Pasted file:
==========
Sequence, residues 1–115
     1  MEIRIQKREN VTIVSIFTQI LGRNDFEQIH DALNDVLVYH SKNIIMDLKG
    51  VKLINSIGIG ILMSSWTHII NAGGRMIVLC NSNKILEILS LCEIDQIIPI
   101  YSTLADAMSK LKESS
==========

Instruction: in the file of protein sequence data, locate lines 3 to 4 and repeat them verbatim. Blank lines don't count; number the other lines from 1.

    51  VKLINSIGIG ILMSSWTHII NAGGRMIVLC NSNKILEILS LCEIDQIIPI
   101  YSTLADAMSK LKESS